Head coaching recordEdit

Statistics overview
Season Team Overall Conference Standing Postseason
Loyola Greyhounds (Metro Atlantic Athletic Conference) (1993–1994)
1993–94 Loyola 17–13 6–8 5th NCAA Division I First Round
Loyola: 17–13 (.567) 6–8 (.429)
Xavier Musketeers (Midwestern Collegiate Conference) (1994–1995)
1994–95 Xavier 23–5 14–0 1st NCAA Division I First Round
Xavier: 23–5 (.821) 14–0 (1.000)
Xavier Musketeers (Atlantic 10 Conference) (1995–2001)
1995–96 Xavier 13–15 8–8 3rd (West)
1996–97 Xavier 23–6 13–3 1st (West) NCAA Division I Second Round
1997–98 Xavier 22–8 11–5 T–1st (West) NCAA Division I First Round
1998–99 Xavier 25–11 12–4 2nd (West) NIT Third Place
1999–00 Xavier 21–12 9–7 3rd (West) NIT Second Round
2000–01 Xavier 21–8 12–4 T–2nd NCAA Division I First Round
Xavier: 148–65 (.695) 79–31 (.718)
Wake Forest Demon Deacons (Atlantic Coast Conference) (2001–2007)
2001–02 Wake Forest 21–13 9–7 T–3rd NCAA Division I Second Round
2002–03 Wake Forest 25–6 13–3 1st NCAA Division I Second Round
2003–04 Wake Forest 21–10 9–7 T–3rd NCAA Division I Sweet 16
2004–05 Wake Forest 27–6 13–3 2nd NCAA Division I Second Round
2005–06 Wake Forest 17–17 3–13 12th NIT First Round
2006–07 Wake Forest 15–16 5–11 T–10th
Wake Forest: 126–68 (.649) 52–44 (.542)
Total: 291–146 (.666)

      National champion         Postseason invitational champion  
      Conference regular season champion         Conference regular season and conference tournament champion
      Division regular season champion       Division regular season and conference tournament champion
      Conference tournament champion


  1. ^ a b c d e f g h i "Skip Prosser". Wake Forest University official bio.
  2. ^ a b c d e f g Wetzel, Dan (2007-07-26). "A Loss For All of College Basketball". Yahoo! Sports.
  3. ^ a b c d e f g h i j k l Dinich, Heather A. (2007-07-26). "Skip Prosser dies at 56". Baltimore Sun. Archived from the original on 2013-01-18.
  4. ^ White, Jeff (2007-07-26). "Coaches stunned by death". Richmond Times-Dispatch. Archived from the original on 2007-08-23.
  5. ^ a b c "Skip Prosser Timeline". 2007-07-26.
  6. ^ a b Elliott, Jim (2007-07-27). "Coach Prosser Dies at Age 56". Wheeling Intelligencer.
  7. ^ a b c d e f g "Wake Forest coach Prosser dies of apparent heart attack at 56". Associated Press. CBS Sportsline. 2007-07-26. Archived from the original on 2007-09-15. Retrieved 2007-07-26.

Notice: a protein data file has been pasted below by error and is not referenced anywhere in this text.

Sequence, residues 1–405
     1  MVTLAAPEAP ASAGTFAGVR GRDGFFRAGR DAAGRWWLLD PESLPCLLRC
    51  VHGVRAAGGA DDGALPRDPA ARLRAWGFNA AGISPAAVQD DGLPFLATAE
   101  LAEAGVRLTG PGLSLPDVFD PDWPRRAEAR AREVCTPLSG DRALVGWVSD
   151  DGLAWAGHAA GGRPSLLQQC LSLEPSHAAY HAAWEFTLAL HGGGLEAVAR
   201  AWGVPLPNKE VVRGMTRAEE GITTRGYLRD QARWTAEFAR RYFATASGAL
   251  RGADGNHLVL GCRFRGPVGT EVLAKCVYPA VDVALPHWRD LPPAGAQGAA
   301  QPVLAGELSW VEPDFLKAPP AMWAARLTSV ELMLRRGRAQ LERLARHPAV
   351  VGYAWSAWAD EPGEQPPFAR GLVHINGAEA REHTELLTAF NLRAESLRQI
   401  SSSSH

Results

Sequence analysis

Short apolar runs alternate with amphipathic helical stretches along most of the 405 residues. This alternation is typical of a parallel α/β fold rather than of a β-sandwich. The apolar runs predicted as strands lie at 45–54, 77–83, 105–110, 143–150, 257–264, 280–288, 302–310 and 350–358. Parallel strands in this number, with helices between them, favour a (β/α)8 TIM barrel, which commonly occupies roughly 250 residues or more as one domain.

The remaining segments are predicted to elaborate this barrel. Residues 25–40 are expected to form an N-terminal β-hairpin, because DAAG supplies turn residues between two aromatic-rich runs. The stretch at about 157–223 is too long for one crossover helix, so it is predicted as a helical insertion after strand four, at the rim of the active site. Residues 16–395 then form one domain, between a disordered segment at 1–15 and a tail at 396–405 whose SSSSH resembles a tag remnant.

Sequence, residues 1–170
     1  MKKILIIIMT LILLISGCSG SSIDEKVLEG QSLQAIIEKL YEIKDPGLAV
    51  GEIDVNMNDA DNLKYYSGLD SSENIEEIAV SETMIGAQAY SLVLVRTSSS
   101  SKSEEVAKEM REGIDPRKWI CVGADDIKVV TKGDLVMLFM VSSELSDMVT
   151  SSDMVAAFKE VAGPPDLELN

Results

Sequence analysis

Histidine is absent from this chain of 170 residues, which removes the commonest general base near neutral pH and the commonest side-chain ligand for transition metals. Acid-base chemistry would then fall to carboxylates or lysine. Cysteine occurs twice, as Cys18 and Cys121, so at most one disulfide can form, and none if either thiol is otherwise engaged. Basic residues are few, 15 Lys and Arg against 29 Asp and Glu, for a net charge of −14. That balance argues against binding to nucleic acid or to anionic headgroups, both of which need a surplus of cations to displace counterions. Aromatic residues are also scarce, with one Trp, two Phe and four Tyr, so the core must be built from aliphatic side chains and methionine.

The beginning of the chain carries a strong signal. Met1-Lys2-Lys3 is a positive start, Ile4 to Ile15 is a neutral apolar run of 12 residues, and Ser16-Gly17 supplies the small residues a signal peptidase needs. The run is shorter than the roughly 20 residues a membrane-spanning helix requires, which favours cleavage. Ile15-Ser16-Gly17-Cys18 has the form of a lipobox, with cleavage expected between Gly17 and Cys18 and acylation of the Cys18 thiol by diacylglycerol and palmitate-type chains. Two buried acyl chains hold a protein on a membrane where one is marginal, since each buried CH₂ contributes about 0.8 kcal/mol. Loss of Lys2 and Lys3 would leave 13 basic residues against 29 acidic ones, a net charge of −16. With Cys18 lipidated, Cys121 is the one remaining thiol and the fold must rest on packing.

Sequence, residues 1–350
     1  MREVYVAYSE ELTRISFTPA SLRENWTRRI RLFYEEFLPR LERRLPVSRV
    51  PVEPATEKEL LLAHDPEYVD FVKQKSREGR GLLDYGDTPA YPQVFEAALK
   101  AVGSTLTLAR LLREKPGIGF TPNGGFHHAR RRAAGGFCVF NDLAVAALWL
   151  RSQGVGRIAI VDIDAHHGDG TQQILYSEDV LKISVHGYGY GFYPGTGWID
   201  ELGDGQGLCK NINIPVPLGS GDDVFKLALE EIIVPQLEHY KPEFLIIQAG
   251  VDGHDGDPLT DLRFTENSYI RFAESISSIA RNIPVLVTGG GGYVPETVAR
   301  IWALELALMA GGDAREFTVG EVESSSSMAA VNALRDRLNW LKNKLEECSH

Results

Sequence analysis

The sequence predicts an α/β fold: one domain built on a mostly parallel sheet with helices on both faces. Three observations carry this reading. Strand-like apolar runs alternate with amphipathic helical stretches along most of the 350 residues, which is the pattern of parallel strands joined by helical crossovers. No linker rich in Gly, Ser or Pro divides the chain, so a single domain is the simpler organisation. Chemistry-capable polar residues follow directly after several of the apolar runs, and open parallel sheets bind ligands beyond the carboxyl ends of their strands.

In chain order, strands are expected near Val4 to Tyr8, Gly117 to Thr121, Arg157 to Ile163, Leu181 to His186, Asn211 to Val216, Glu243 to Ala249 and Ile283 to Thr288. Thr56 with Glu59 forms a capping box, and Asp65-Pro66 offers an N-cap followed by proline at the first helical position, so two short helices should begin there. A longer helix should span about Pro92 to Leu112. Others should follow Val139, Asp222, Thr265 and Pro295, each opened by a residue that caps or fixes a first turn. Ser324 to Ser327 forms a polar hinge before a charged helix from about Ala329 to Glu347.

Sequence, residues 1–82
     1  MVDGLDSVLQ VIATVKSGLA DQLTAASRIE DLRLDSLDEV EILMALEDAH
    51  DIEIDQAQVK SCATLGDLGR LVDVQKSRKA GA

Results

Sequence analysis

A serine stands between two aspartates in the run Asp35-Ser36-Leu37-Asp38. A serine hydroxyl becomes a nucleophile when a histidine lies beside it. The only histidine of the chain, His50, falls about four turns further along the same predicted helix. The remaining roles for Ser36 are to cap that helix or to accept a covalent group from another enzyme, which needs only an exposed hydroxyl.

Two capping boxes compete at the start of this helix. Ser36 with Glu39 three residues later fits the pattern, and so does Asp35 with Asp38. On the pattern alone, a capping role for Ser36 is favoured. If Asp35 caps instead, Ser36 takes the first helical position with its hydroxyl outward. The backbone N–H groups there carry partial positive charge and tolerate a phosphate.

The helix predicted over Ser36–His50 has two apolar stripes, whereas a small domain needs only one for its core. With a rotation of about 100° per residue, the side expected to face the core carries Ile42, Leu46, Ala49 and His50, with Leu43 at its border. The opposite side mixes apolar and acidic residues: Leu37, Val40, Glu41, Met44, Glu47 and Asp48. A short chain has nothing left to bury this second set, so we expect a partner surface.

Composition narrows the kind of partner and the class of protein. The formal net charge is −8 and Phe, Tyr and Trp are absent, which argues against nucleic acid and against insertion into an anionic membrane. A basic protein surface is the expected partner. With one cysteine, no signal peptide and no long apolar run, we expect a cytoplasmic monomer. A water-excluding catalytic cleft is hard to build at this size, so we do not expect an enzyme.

8. ^ McMullen, Paul. "Loyola hires Xavier aide for basketball," The Baltimore Sun, Thursday, April 1, 1993.
  9. ^ Lambrecht, Gary. "NCAA TOURNAMENT: Prosser leaves Loyola, heads back to Xavier," The Baltimore Sun, Friday, April 1, 1994.
  10. ^ a b c "Five questions with Skip Prosser". Cincinnati Enquirer. 2000-02-06.
  11. ^ a b Veteran Wake Forest coach Prosser dies at 56 - Men's College Basketball - ESPN
  12. ^ Doyel, Gregg (2006-01-29). "Prosser to Cincinnati? No time like the present". CBS Sportsline. Archived from the original on 2006-09-23.
  13. ^ "Mark Prosser". Brevard College. Archived from the original on 2011-10-11.
  14. ^ McCormick, Bret (March 27, 2018). "Winthrop basketball assistant coach lands head job". Rock Hill Herald. Rock Hill, SC. Retrieved March 27, 2018.
  15. ^ Warren, Jay (2007-07-27). "Community Remembers Skip Prosser As More Than Just A Coach". WCPO.
  16. ^ "SportSouth Airing Tribute to Skip Prosser :: Coach Prosser's final interview with Sean Pragano". "". 2007-08-29.
  17. ^ "Skip Prosser Literacy Program". Alan Brown's Sports Literacy Blog. 2018-12-10. Retrieved 2020-02-08.
  18. ^ "Wake coach Skip Prosser collapses while jogging". Winston-Salem Journal. 2007-07-26.
  19. ^ Goodman, Jeff (2007-07-26). "Prosser, 56, dies of apparent heart attack". FOX Sports. Archived from the original on 2007-08-30.
  20. ^ DeCourcy, Mike (2007-07-26). "Prosser: A great coach, a truly good man". The Sporting News. Archived from the original on 2007-09-27.
  21. ^ "Archived copy". Archived from the original on 2007-09-28. Retrieved 2007-08-05.CS1 maint: archived copy as title (link) Prosser's Funeral Arrangements Announced., Retrieved on Aug. 4, 2007.
  22. ^ [1] XU Mourns in House Prosser Built. Cincinnati Enquirer, Retrieved Aug. 4, 2007
  23. ^ [2] Xavier community celebrates the life of former men's basketball coach Skip Prosser at Memorial Mass. Xavier University website. Retrieved Aug. 4, 2007

External linksEdit

  Wake Forest University basketball coach Skip Prosser dies at Wikinews